Monday, October 29, 2007

More Indigo Dyed Silk Fabric

This next piece of fabric was just plain fun to dye. This is silk chiffon so it is a sheer fabric. I used a Shibori method of resist to dye it. On the right is the fabric wrapped and tied around a large plastic pipe. I oriented the fabric so I would have vertical pattern along the lengthwise grain. After I wrapped and tied the fabric I scrunched it down as compactly as it would go and dipped it, pipe and all into the indigo. As you can see from this picture, I deliberately allowed shading to happen by not dipping all of it every time. I think I dipped this one 3 separate times allowing time for oxidation between each dip.

Here is the fabric after it has been dyed and opened up to dry.

And, here is a closeup of the effect. This will be a fun fabric to work into something elegant to wear. The sheerness of the fabric adds an interesting element to the pattern. I am quite pleased with the way this piece turned out.
As you can tell, I enjoy experimenting. Sometimes things don't work out the way you want them to but you always learn from what you did.
Do you enjoy experimenting or playing with the unknown? -Renee

Saturday, October 27, 2007

Indigo on Silk Fabric

After finishing up dipping the remaining yarns in Indigo, there was still plenty left in the pot. I had prepared a bit of silk yardage just in case and had it waiting ready to dip. This was the first bit of yardage. I did not want an even color. The picture on the right is what I did to achieve that. I dipped the fabric and held it for about 2 minutes. When I pulled it out I crumpled it up on my staging tarp. It was fun to watch the oxidation at work. I let it sit for an hour or two before opening it up and hanging it on the line to dry.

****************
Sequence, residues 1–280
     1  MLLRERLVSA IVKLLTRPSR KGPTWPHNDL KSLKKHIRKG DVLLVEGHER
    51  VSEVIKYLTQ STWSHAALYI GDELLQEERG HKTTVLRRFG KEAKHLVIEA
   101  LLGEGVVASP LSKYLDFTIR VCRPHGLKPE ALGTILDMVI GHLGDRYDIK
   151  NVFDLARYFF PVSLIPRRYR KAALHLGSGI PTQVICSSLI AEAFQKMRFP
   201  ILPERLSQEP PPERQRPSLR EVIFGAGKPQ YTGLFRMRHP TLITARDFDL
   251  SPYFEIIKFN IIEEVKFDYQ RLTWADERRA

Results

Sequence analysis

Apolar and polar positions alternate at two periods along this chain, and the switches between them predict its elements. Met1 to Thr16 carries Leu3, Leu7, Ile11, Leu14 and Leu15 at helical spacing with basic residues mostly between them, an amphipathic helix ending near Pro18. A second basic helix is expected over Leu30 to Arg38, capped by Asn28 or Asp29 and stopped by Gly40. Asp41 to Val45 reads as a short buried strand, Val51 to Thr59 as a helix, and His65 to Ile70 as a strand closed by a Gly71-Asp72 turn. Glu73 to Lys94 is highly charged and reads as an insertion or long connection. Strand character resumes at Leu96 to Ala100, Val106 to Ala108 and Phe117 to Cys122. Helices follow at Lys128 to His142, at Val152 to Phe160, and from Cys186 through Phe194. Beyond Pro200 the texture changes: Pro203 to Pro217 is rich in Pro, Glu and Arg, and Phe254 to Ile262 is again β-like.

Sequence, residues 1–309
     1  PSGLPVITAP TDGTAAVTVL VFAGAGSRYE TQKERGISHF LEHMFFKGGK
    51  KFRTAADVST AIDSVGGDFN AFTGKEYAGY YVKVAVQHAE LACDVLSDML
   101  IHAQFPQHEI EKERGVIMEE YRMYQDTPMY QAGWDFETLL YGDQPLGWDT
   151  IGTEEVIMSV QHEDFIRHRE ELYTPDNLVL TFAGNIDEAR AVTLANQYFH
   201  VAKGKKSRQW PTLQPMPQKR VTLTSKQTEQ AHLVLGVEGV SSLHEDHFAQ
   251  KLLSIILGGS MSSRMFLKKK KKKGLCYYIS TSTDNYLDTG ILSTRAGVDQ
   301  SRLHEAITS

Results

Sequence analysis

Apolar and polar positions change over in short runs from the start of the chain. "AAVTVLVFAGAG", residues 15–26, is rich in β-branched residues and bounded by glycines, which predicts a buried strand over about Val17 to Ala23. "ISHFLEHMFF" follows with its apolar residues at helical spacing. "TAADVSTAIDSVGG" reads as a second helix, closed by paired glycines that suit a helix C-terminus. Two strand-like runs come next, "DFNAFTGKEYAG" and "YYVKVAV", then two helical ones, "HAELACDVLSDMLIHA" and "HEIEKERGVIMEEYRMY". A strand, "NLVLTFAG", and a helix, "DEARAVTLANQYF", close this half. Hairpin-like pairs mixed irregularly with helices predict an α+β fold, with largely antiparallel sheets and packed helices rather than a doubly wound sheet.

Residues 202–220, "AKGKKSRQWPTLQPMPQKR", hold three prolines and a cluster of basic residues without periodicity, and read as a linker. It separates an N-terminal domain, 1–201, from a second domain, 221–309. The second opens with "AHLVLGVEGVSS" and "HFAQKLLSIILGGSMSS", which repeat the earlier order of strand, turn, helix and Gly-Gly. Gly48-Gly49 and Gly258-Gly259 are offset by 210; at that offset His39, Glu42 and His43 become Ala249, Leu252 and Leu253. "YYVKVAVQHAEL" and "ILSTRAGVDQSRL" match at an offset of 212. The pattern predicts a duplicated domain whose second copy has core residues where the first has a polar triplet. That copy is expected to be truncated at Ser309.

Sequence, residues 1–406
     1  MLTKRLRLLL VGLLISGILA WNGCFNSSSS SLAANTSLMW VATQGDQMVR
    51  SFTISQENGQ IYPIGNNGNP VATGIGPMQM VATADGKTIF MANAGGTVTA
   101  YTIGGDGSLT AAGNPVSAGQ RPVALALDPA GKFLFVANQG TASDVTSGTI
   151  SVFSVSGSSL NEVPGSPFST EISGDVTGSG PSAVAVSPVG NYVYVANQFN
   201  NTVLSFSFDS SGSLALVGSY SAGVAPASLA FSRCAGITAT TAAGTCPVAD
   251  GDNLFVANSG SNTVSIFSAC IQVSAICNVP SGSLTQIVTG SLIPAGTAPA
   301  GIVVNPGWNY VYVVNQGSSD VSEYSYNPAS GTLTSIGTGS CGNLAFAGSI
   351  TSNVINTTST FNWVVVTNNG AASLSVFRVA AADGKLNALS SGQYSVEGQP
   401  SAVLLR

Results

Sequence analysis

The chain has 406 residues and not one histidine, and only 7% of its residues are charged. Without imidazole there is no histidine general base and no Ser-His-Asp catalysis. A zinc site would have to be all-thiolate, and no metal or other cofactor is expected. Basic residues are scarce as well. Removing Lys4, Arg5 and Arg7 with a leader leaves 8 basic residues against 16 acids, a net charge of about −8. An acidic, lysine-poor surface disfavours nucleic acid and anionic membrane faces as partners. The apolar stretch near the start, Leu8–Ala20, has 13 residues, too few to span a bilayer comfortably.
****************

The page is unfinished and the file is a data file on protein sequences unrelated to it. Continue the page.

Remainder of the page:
Below is what the fabric looks like now. There are lovely areas of mottling and color shading. It is somewhat subtle but will make a lovely background for further embellishment. The fabric here is silk charmeuse. I also dyed a silk chiffon using a shibori method. I will have the pictures of that on the next posting. Both fabrics were allowed to oxidize a full 24 hours before neutralizing. Now that I am back from our trip, I have been washing the remaining yarns and getting the tags back on. I am slowly getting back into gear to weave, spin, and do a bit of sewing in between all the other chores. Until the next post, -Renee

Wednesday, October 24, 2007

On a Personal Note...

I am back from Hawaii and re-adjusting to our Pacific Northwest weather after a week of wearing shorts and swimming in a warm ocean. As I said before, I am very fortunate, I had the best Dad in the whole world. Saying goodbye so suddenly and unexpectedly is very very hard. I have a few pictures to post today from our trip and then will be back to posting about weaving, dyeing, and spinning.
To my family and friends, Aloha Nui Loa. -Renee

Friday, October 12, 2007

Triumph and Tragedy

Well, it is done. The final skein of yarn was dipped in Indigo yesterday. The dyeing process of the Whidbey Weaver's Guild Grant is finished. After a bit of a rest, I will be putting together notes and samples to present to the guild. What a journey it has been! I started working on the grant in May and spent nearly the entire time dyeing some 500 plus skeins of yarn.
I have often heard people complain that natural dyes produce disappointing colors. I am posting these pictures along with all the previous ones to show that it just isn't so. As you can see, even with my unprofessional photography, the colors just glow, and these are skeins that have been dipped in Indigo.
Unfortunately for me on the same day, along with the triumph of finally finishing this long dye process, tragedy struck. I finished my last bit of dyeing and called my parents. My father was in the hospital after suffering a very small heart attack. They pronounced him very healthy and fit and were going to release him with some medication. An hour or so after I talked to him, he was suddenly gone, the doctors puzzled as to why he suddenly died.